Sasha Laundy

The Best Lesson From Hacker School Is Hiding in Plain Sight

Last spring I attended Hacker School, which is a 12-week retreat for programmers in NYC. It is a truly fantastic program and many other Hacker Schoolers have written lots of nice things about the program and advice to new folks that you can find elsewhere on the internet.

The reviews mention the friendly environment, curious peers with a breathtakingly wide variety of skills and interests, the fanatical focus on projects that push deeper understanding, and the profound intellectual transformation of the experience.

The advice to new admits, including mine, generally also addresses the structureless nature of the program: there is no curriculum, no set goals, no staff of ‘teachers’ to tell you what to learn each morning. Many people find this daunting, and in many ‘end of batch’ recap blog posts I see people regretting that they didn’t ‘figure out’ how to navigate this until late in the batch and lament the ‘wasted time.’

But the discomfort and the time spent floundering are precisely the point. They are what makes Hacker School so valuable for you, long after you walk out the door on your last day.

In the space between the step-by-step beginner tutorial and your little project that ends up on the top of Hacker News is where you have to find the path for yourself. In the outside world, in your job, in your side project time, in the hours left in your life, who is going to tell you what path to follow and put a curriculum in front of you each day? To make a real difference and push the human race forward, you have to learn to blaze trails into the unknown, pick up new skills quickly, and decide for yourself what to learn next.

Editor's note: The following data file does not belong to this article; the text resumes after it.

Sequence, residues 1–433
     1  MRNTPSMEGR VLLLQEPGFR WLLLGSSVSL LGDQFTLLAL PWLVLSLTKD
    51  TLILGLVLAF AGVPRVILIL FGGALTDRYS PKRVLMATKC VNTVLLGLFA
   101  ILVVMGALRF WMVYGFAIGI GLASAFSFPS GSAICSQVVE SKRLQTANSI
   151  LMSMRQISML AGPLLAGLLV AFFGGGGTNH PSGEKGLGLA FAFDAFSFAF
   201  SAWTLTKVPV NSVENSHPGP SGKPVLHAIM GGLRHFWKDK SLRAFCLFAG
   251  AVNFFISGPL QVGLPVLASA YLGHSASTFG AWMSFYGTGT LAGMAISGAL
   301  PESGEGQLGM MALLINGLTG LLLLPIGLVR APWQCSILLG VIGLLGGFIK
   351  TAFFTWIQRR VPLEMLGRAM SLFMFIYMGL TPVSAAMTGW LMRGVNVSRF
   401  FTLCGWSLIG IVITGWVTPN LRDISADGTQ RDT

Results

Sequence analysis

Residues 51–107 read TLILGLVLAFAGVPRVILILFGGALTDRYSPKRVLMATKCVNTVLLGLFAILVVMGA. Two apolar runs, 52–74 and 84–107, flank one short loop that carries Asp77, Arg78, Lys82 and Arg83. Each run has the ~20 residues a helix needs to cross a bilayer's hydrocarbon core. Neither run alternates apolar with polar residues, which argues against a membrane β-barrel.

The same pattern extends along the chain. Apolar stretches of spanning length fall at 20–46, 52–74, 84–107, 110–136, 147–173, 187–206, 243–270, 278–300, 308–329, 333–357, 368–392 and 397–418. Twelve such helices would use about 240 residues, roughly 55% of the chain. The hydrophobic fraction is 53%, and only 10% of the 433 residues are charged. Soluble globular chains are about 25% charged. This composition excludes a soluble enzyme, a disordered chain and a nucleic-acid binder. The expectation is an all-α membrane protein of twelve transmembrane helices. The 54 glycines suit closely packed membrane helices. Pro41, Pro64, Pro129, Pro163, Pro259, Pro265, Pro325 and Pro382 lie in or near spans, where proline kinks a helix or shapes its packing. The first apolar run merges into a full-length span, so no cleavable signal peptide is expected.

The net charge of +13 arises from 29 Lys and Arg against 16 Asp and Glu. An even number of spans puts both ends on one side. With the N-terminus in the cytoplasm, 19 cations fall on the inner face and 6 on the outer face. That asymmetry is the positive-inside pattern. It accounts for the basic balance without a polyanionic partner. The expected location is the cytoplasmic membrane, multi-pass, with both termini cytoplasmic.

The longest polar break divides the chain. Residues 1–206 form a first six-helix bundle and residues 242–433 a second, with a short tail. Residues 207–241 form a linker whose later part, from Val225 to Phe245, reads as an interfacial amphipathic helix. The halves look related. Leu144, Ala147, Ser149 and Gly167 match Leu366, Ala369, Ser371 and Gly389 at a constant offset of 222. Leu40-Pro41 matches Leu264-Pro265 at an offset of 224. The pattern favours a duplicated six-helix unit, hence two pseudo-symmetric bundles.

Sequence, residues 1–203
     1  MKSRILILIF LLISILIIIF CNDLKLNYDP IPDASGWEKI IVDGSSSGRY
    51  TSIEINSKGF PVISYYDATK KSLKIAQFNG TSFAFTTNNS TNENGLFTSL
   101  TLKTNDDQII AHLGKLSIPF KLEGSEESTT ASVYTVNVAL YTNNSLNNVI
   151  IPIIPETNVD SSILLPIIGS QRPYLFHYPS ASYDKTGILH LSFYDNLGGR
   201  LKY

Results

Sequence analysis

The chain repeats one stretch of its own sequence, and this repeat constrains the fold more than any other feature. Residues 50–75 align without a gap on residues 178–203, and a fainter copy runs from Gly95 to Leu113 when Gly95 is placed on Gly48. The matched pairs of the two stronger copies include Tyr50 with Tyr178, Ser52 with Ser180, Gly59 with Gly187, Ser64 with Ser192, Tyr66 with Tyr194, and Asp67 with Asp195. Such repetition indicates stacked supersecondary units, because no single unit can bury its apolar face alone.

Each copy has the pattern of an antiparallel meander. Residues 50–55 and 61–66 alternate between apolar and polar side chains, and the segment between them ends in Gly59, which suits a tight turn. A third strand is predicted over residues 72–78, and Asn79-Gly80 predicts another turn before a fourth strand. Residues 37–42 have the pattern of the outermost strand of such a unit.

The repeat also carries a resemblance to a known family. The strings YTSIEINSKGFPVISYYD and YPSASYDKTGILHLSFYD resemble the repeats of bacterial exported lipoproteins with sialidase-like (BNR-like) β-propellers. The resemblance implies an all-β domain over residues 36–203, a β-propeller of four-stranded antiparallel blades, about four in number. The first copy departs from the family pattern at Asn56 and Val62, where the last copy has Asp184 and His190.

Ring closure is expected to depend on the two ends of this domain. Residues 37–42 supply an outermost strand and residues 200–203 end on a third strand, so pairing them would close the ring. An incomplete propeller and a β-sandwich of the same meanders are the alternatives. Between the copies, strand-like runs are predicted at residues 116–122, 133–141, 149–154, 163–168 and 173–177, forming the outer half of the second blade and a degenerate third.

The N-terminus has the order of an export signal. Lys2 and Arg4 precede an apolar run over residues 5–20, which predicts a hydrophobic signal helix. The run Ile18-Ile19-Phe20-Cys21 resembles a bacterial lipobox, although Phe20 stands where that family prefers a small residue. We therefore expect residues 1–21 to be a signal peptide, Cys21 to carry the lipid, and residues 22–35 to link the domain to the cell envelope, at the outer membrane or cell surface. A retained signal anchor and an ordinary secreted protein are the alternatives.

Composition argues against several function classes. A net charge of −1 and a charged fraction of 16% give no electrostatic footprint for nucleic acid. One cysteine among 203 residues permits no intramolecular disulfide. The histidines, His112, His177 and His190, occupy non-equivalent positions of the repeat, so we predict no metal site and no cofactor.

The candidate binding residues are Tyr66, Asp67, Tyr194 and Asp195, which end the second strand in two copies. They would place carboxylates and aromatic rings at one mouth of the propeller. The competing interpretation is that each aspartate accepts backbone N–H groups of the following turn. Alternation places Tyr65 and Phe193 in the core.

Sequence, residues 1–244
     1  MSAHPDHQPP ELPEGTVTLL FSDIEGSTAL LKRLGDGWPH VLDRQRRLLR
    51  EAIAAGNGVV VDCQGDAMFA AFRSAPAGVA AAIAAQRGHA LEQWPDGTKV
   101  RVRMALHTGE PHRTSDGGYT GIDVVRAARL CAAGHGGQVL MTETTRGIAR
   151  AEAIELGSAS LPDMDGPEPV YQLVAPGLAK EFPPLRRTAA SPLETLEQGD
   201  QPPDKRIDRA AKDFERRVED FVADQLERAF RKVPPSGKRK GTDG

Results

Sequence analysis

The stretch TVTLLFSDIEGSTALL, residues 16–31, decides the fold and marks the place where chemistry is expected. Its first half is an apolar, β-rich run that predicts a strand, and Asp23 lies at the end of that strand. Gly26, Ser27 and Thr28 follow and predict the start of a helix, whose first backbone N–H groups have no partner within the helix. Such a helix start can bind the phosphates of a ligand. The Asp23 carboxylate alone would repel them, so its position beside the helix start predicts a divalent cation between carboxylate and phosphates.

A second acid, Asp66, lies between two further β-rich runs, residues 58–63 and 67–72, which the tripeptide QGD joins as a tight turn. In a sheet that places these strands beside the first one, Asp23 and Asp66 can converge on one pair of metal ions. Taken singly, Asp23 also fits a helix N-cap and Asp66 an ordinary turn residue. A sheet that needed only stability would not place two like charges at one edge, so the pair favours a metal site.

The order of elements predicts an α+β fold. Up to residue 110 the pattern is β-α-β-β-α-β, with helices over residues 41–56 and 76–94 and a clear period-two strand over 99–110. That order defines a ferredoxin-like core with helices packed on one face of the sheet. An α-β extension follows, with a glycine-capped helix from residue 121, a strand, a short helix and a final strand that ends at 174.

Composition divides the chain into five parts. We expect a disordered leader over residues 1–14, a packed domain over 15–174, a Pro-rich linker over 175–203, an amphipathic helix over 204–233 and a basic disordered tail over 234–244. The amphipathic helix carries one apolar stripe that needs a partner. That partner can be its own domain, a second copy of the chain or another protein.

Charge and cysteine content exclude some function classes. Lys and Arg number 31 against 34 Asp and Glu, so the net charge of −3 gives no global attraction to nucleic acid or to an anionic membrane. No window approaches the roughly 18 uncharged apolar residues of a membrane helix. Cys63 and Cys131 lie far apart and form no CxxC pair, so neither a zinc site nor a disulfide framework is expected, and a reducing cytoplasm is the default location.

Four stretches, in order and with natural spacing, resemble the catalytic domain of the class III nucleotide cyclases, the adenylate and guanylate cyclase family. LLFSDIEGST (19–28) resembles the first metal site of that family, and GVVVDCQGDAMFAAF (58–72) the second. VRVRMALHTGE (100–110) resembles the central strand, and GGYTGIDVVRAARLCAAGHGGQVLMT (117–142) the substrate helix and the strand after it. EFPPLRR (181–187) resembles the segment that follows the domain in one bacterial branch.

Hacker School does this by getting out of your way. They create a hyperbaric chamber for learning by fanatical obsession with the perfect environment. They pick curious and generous peers, hire thoughtful and energetic facilitators, remove extrinsic motivators like interview preparation as much as they can and then they get the hell out of your way.

They let you chart your own course, even if that means a little floundering as the floundering is an essential part of this learning. You are figuring out what excites you. How to balance the lure of the new and shiny with the need to buckle down and polish core skills. How to explore when you have no idea what lies ahead. How to use source code and fellow programmers for help when you don’t understand. And how to tell when you have wrung the last bit of learning and enjoyment out of a project.

Figuring out how to chart this path for yourself is much harder back out in the world where you are faced with distractions and uncurious peers, unhelpful or non-existent mentors, pressure to ship uninteresting code for other people, and bills to pay. A 3-month gap where you can pursue anything that interests you is a breath of fresh air, and in that ideal environment have a very real shot at learning how to learn.